What steps do I need to take for signs or symptoms of anaphylaxis? Immediately give 1 shot of epinephrine only into the outer thigh muscle. Leave the shot in place as directed. Your healthcare provider may recommend you leave it in place for up to 10 seconds before you remove it. This helps make sure all of the epinephrine is delivered. Call 911 and go to the emergency department, even if the shot improved symptoms. Do not drive yourself. Bring the used epinephrine shot with you.
What safety precautions do I need to take if I am at risk for anaphylaxis? Keep 2 shots of epinephrine with you at all times, because epinephrine only works for about 20 minutes and symptoms may return. Check the expiration date every. Create a written plan that explains the allergy and an emergency plan to treat a reaction. Give copies of the action plan and emergency instructions to family members, and daycare providers. Be careful when you exercise. Stop exercising right away if you start to develop any signs or symptoms of anaphylaxis. You may first feel tired, warm, or have itchy skin. Carry medical alert identification. Wear medical alert jewelry or carry a card that explains the medication allergy. Read medicine labels before you use any medicine. Do not take anything that contains the medicine you are allergic to. Always tell your healthcare providers the names of medicines that you are allergic to and the symptoms of your allergic reactions. Call 911 for signs or symptoms of anaphylaxis, such as trouble breathing, swelling in your mouth or throat, or wheezing.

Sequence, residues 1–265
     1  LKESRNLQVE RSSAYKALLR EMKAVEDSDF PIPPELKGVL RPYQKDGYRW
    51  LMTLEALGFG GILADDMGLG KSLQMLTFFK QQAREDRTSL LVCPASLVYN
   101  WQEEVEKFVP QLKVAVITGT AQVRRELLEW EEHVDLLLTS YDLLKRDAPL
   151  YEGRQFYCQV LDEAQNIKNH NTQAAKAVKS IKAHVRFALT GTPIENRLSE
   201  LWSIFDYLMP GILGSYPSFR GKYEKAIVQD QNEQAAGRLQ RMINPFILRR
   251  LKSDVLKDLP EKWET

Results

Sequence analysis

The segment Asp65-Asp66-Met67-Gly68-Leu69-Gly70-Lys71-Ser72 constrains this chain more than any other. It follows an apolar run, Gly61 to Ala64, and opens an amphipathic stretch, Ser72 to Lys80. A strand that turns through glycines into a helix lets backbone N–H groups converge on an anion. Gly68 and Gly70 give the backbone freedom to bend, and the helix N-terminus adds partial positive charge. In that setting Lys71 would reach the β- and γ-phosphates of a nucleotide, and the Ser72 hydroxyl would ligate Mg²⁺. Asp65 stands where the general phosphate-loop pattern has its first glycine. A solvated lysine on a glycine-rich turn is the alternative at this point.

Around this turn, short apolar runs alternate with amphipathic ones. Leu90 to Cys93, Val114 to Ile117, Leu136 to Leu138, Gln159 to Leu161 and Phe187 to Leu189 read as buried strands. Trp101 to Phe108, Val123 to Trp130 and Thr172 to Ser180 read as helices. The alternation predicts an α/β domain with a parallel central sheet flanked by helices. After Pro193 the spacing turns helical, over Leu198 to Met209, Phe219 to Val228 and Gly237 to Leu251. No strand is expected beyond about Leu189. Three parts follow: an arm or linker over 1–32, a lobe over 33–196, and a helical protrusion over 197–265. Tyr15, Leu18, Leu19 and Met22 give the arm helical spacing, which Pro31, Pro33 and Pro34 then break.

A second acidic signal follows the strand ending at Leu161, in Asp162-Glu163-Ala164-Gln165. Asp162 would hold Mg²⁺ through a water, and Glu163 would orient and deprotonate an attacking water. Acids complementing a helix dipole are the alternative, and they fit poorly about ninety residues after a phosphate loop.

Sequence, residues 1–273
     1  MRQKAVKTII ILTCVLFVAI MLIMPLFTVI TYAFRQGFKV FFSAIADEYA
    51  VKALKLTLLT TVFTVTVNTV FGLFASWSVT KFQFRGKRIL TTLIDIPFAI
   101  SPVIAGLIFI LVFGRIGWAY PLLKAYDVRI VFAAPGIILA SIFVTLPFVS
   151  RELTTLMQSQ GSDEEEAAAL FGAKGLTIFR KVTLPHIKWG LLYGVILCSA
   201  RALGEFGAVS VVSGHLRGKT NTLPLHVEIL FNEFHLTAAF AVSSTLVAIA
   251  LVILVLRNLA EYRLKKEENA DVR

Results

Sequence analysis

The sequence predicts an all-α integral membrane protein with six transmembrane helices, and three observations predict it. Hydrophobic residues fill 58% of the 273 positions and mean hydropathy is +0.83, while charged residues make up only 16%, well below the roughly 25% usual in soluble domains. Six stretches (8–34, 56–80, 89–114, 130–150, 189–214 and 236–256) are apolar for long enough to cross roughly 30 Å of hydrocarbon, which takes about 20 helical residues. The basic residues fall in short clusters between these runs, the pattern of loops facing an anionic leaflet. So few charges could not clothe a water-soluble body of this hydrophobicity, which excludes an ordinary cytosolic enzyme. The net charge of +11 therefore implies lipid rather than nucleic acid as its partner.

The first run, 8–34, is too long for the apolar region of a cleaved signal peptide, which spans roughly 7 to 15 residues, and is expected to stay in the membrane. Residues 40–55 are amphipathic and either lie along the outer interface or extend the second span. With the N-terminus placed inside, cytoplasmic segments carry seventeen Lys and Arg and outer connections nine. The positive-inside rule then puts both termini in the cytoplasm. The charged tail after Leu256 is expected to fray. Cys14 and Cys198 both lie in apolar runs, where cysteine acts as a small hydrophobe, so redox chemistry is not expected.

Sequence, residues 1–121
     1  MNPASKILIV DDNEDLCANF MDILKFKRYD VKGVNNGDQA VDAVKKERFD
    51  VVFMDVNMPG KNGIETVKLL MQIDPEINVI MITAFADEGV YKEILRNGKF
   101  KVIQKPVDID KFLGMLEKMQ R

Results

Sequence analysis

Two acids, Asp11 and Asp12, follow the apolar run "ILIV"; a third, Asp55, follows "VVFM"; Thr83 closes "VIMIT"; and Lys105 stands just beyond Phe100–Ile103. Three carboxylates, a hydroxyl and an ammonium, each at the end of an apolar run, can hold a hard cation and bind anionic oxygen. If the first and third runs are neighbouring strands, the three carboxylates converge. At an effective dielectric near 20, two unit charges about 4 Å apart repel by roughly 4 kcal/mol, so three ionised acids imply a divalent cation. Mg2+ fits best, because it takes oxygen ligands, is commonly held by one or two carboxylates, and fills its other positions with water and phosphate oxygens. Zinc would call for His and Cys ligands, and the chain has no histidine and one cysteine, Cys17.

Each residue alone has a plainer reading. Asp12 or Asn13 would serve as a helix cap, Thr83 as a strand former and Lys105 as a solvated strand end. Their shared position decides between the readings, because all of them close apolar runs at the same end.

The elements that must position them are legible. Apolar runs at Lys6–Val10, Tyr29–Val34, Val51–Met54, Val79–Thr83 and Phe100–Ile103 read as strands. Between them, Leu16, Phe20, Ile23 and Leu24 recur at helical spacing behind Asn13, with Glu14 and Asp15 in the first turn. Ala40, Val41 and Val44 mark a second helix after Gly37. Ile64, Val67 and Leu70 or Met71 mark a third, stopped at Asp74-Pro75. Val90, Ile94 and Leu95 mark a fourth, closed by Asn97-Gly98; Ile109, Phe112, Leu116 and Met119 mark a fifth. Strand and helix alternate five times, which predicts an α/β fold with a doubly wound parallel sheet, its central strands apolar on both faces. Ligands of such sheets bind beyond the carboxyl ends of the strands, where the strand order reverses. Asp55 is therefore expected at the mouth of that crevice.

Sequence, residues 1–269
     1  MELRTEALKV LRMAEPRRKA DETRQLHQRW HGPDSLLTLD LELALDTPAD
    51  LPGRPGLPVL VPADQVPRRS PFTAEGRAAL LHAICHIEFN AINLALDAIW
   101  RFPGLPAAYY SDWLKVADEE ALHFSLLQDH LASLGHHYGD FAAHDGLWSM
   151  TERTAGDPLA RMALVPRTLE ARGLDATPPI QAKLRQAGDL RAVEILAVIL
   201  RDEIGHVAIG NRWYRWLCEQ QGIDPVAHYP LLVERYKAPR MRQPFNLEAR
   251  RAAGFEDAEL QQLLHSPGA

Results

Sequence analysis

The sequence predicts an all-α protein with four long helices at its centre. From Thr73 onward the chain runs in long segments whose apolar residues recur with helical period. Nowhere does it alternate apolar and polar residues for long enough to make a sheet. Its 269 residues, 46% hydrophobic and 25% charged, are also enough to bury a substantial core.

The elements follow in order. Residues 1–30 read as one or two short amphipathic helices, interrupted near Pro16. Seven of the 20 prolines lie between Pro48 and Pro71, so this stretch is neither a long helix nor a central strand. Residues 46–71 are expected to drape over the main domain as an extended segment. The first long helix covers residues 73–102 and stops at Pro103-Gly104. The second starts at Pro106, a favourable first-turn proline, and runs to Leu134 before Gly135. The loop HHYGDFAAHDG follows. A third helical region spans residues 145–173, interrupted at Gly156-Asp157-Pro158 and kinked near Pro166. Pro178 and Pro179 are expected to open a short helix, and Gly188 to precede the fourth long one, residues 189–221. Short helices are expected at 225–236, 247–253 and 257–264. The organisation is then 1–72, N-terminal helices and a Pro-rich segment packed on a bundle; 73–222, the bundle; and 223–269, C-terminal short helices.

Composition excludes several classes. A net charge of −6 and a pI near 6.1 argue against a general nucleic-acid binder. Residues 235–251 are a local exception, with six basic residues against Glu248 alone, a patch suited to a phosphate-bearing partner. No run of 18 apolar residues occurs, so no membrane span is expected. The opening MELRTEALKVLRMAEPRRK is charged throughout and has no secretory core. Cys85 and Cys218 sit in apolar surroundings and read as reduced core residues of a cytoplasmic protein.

When should I seek immediate care? You have a rash with itchy, swollen, red spots. You have blisters, or your skin is peeling. You have trouble swallowing or your voice sounds hoarse. You have a fast or pounding heartbeat. Your skin or the whites of your eyes turn yellow.
When should I contact my healthcare provider? If you think you are having an allergic reaction (rash, fever, sore throat or swollen glands), contact your healthcare provider before you take another dose of the drug.
How to report concerns or errors
Although pharmacists do their best, mistakes sometimes happen. Thanks to safer medicine labels and technologies like barcode scanning, mistakes of the past are rapidly declining. The few pharmacy errors that do slip by usually do not cause serious or permanent harm. Still, that’s little consolation to a consumer who is harmed or could have been harmed if a more serious error had happened.
Here’s what you can expect: If you think there may be a mistake with your prescription medicine, don’t hesitate to let our staff know, even if a prior experience has been unsatisfactory. If there has been a mistake, it is reasonable for you to expect the pharmacy staff to do the following: Make time to talk to you immediately. Treat you with respect. Acknowledge that a mistake has happened and offer an apology. Inform your doctor about what happened (if you have taken any doses of the wrong medicine). Advise you to see your doctor or go to the hospital (if you may have been harmed or put at risk by taking the wrong medicine). Investigate the cause of the mistake with your medicine. Come up with an action plan to avoid similar mistakes in the future. Let you know about the action plan and how it will be put in place.